By Jessica Brodie
AIKEN—For the past 11 years, a secret society of neighbors at Trinity United Methodist Church has been quietly reaching out to the congregation, cheering them on in times of joy and offering comfort in times of sorrow or illness.
Their members are entirely anonymous—for years, reportedly not even the pastor knew who was a member of the group—and they take great pleasure in loving like Jesus, no thanks required.
The group reaches out across all areas of the church, from the seniors to the youth to the adult Sunday school classes and more, praying and then taking a name or names of people to “adopt” for the month. Then they get to work, preparing a love basket, making a prayer shawl or buying a gift card or other thoughtful individual present tailored uniquely to their “adoptee’s” current situation. Finally, they dispatch their special treat courtesy of a delivery person, who has pledged not to reveal the name of the benefactor.
“It touches you in ways you can’t describe. I get choked up even talking about it; it’s so God sent,” said Danny Herring, who has received Barnabas care packages over the years both for his heavy workload as chair of the Pastor-Parish Relations Committee and during his two knee surgeries. “They don’t want to be thanked; they just want to take care of the people around them.”
Now more than a decade in and stronger than ever, Barnabas volunteers hope their story will encourage other UMCs in South Carolina to consider starting a ministry much like theirs.
A Christ-like ministry
The person responsible for bringing Barnabas to Trinity 11 years ago said the idea came from a close friend who had a similar group in her church.
“It began to lay on my heart: this is something that could really benefit Trinity,” the coordinator said.
The Rev. Rodney Powell was the pastor at the time, and the coordinator said that when he heard the news, he called it the most Christ-like ministry he could think of, giving it his full blessing and endorsement. And just like that, the Barnabas ministry at Trinity was born.
They gathered 12 people representing various aspects of the church and got to work. One of the first people they encouraged was a family whose toddler had recently been diagnosed with cancer. The news was devastating, and Barnabas began to pray about what they could do to encourage the family. They ended up putting together a family package with a children’s movie, popcorn, sodas and snacks, along with a card expressing their love and concern.
Over the years, they’ve encouraged so many people at Trinity, from a teenaged girl diagnosed with diabetes to recent graduates, widows, shut-ins, new babies and a couple dealing with Alzheimer’s. Four times a year, Halloween, Thanksgiving, Valentine’s Day and Easter, they also reach out to residents of nearby nursing homes, sending little packages of cheer during times these residents might feel especially lonely.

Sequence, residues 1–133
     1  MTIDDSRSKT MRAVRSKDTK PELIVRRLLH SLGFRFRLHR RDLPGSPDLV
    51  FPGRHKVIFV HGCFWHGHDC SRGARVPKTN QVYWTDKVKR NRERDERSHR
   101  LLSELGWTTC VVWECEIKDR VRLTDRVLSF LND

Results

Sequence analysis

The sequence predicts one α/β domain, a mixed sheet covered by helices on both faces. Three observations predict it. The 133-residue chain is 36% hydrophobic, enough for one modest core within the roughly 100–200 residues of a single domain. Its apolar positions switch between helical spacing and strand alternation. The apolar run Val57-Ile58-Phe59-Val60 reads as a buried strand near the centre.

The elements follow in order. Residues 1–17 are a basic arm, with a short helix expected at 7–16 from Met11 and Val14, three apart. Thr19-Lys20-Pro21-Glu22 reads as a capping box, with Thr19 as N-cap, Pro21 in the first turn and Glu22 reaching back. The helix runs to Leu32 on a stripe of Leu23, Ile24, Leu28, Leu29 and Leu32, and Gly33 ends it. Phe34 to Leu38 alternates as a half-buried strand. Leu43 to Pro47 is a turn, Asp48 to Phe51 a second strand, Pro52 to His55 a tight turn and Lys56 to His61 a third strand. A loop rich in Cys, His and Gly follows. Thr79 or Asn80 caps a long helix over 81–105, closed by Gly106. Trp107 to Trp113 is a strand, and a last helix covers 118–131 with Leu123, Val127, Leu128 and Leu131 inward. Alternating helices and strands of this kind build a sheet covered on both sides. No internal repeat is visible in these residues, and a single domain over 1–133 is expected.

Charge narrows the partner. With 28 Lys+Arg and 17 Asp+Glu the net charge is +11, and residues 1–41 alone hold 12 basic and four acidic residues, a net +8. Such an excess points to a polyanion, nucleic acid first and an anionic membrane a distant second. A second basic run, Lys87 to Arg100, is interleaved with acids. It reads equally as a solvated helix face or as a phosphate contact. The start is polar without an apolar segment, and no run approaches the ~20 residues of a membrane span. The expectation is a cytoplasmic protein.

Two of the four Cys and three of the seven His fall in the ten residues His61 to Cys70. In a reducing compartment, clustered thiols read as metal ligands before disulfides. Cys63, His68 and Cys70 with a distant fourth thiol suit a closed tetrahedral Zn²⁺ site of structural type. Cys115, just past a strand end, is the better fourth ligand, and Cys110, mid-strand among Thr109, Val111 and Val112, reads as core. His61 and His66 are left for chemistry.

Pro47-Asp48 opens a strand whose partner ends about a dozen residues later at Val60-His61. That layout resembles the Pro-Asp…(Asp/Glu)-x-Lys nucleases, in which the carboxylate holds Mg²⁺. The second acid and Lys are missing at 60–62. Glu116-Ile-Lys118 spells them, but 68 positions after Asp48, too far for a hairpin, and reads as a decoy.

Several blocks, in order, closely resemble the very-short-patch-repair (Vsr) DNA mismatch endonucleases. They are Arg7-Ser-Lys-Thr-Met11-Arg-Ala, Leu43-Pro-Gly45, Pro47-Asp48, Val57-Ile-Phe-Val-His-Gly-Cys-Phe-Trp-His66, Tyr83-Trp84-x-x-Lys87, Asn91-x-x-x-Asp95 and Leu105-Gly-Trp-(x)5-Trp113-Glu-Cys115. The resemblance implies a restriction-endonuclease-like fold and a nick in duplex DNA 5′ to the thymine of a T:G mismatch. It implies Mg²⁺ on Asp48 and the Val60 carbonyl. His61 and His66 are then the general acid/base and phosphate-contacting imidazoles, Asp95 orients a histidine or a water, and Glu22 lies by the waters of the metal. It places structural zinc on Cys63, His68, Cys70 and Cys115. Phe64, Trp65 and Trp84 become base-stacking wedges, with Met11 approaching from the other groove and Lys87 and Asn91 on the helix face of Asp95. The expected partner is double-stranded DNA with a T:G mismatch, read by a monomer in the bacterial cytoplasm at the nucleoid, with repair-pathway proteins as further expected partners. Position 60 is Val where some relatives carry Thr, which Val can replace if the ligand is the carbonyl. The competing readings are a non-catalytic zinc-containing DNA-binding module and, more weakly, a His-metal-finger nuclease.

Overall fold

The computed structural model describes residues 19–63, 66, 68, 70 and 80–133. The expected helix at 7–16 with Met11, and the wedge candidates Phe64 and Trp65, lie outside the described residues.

“Anything from balloons to flowers, to baking small loaves of pumpkin or banana bread, sending an apple and a knife, paper goods for the holiday—something to say we remember you, we love you on this holiday, and we miss you,” the Barnabas coordinator said.
They do all the cards themselves, creating them on the computer and personalized for their “adoptee” with the Barnabas signature.
And all of this they do without any funding from the church; it is totally self-sufficient.
Trinity pastor the Rev. Lee Phillips Jr. is newly appointed to the church, and he said the ministry has even encouraged him; he and his family received notes and cards from the Barnabas group before they even moved to Aiken.
“It makes me feel good to know there are folks who are willing to do this and not seeking any praise or reward … but loving in way to give the praise to God and Jesus,” Phillips said. “Jesus talks about loving one another ‘as I have loved you.’ … They are loving as Jesus loved.”
You know you’re remembered
Ann Robinson has been encouraged by the ministry a few times, back when she fought a battle with cancer in 2007, and more recently, when she broke her hip and was in rehabilitation for three and a half weeks. One of the gifts she received, a Willow Tree angel, still sits prominently on a shelf with other treasured items.
“It’s very uplifting, makes me feel like someone really cares,” Robinson said about the cheer she’s received. “You know that you’re remembered.”
Mary Jo Herring has been encouraged both during her retirement and when she experienced knee and hip replacements. She and her husband do not have family nearby, and she said the ministry makes them realize their church really is their family, too, that you’re not going through this time alone.
She received a prayer shawl during her hip replacement, and she said it brought her extraordinary comfort.
“It was a godsend; when I put my hand on it, I would feel not only the closeness of my church family, but it would remind me God is with me no matter where I am,” Herring said. “It just makes me feel comfort in knowing I have a church family that really cares.”
Churches interested in starting a similar ministry are welcome to contact Trinity’s Barnabas team. Write Barnabas Ministry, c/o Trinity UMC, 2724 Whiskey Road, Aiken, SC 29803.